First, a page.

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State Dept. backs its anti-Semitism envoy

WASHINGTON (JTA) — The U.S. State Department expressed its "complete support" for its anti-Semitism envoy and encouraged "broad dialogue" toward Israeli-Palestinian peace.

A statement Monday from the State Department said it would not add comment to a controversy that erupted in the last weeks of December when Hannah Rosenthal criticized Michael Oren, the Israeli ambassador, for snubbing the dovish lobbying group J Street.

However, the statement went on, "Special Envoy Rosenthal has the complete support of the department. As a matter of longstanding policy the United States has supported a peaceful solution of the Israeli-Palestinian conflict. To that end the U.S. government encourages broad dialogue among responsible partners for peace."

The controversy started last month when Oren told a group of Conservative synagogue leaders that J Street was “fooling around with the lives of 7 million people." Other dovish groups and then Rosenthal criticized Oren. In an interview with the Israeli newspaper Haaretz, Rosenthal described Oren’s comments as "most unfortunate."

Some Jewish groups then slammed Rosenthal for criticizing an Israeli ambassador — and doing so on a topic that they considered to be unrelated to her portfolio. And Jeffrey Feltman, the assistant secretary of state who runs Middle East policy, issued a statement defending Oren’s overall performance.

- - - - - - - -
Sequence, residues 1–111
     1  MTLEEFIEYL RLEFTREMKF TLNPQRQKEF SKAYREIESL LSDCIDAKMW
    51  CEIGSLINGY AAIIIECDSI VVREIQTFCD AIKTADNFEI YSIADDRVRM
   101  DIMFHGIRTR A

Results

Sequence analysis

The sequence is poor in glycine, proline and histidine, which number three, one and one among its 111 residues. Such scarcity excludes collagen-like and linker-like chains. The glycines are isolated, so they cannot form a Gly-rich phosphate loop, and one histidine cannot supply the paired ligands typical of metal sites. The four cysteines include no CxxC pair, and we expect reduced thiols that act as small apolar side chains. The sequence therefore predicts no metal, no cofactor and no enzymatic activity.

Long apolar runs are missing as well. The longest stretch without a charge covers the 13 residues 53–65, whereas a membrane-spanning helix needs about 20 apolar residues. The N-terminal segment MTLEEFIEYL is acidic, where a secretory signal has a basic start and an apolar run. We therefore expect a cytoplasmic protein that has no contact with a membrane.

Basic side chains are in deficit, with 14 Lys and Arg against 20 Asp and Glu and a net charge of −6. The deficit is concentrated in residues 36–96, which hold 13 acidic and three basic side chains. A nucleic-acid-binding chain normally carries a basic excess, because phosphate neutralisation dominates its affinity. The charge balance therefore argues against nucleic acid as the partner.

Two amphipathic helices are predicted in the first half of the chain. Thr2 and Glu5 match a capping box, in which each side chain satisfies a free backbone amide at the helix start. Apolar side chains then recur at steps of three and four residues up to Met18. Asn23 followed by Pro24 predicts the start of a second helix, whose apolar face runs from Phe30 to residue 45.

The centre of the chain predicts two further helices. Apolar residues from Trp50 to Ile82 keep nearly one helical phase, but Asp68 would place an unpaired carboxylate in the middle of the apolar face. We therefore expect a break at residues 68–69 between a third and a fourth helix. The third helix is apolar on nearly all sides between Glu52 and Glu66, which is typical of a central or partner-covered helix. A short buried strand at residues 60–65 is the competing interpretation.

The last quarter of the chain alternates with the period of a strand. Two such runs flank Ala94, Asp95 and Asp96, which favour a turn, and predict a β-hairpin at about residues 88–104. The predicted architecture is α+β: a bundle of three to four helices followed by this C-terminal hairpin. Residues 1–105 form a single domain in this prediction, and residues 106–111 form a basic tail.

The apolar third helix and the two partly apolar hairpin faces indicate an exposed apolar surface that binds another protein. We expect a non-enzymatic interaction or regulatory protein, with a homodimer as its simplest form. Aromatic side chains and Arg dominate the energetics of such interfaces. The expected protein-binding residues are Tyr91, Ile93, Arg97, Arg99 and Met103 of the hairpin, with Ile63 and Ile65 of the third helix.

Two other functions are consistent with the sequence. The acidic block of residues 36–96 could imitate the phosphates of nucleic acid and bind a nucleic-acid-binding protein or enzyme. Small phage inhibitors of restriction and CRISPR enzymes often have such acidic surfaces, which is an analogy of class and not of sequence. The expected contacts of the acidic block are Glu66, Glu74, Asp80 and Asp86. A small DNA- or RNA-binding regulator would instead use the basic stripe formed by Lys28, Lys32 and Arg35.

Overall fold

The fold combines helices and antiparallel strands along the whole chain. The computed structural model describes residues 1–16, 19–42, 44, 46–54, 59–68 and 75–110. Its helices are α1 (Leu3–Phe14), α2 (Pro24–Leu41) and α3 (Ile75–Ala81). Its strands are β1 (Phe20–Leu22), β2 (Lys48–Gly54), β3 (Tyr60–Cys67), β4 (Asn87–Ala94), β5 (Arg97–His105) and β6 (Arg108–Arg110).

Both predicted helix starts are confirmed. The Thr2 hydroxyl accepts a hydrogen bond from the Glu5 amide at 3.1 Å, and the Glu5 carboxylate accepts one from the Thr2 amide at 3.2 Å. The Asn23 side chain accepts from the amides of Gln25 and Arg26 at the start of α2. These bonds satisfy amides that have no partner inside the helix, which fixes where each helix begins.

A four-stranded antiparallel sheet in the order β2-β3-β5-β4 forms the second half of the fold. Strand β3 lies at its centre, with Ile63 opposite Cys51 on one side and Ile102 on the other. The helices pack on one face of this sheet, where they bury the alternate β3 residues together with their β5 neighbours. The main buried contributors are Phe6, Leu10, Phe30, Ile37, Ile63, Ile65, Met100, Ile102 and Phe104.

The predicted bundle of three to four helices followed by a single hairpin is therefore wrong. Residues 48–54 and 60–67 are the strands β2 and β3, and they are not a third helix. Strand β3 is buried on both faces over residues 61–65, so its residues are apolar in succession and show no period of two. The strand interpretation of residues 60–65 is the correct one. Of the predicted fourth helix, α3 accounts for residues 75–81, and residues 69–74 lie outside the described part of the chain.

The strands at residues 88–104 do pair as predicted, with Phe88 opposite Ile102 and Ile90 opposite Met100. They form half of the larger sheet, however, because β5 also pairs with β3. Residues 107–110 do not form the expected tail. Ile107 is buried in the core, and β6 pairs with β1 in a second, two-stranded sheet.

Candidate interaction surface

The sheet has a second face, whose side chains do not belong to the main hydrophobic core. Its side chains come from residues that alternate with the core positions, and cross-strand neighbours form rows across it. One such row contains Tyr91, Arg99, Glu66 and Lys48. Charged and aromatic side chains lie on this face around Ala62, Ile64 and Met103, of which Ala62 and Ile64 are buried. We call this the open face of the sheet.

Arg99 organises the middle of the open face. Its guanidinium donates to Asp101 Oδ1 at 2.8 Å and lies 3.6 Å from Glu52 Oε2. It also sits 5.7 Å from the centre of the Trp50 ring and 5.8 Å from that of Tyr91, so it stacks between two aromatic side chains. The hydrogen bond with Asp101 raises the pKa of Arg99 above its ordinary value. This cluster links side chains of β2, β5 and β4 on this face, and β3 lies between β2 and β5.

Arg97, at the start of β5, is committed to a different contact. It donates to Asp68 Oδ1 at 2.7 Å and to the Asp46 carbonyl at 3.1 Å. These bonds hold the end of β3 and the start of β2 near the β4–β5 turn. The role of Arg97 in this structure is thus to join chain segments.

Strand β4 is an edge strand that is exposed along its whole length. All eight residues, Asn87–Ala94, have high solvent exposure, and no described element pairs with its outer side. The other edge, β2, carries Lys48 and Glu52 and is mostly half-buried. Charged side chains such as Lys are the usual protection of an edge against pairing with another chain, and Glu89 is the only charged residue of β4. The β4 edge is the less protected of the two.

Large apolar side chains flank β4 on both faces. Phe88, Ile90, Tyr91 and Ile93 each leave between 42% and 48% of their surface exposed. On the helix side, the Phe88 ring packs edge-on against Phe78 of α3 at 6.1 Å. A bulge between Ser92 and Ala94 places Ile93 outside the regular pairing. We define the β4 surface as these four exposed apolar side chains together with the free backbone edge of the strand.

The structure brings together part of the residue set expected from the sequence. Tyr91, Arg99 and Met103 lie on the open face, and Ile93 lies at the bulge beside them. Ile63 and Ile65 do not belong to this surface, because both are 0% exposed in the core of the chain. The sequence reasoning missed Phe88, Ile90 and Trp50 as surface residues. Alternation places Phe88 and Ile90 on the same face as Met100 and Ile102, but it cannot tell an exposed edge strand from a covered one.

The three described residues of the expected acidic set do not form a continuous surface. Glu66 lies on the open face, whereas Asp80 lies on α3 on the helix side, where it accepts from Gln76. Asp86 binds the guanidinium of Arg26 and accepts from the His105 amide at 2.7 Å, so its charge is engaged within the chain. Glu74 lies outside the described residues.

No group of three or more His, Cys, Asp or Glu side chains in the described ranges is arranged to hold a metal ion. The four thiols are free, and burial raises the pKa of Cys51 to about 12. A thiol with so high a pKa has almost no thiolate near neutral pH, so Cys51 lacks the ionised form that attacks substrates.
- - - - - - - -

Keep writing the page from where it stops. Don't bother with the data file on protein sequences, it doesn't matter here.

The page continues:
In an interview last week with JTA, Rosenthal, who had served on J Street’s advisory panel before her appointment, refused to retract her criticism of Oren and said she had done nothing wrong.

Separately, Rosenthal’s predecessor, Gregg Rickman, has slammed her for her remarks about Oren.

"Ms. Rosenthal’s criticisms of Ambassador Oren strike a chord particularly because this is not her policy portfolio to advocate," said Rickman, who served in the Bush adminsitration, in an opinion piece on The Cutting Edge News Web site. "She is supposed to fight anti-Semitism, not defend J-Street, an organization on whose Advisory Board she formally sat before her appointment to the State Department."

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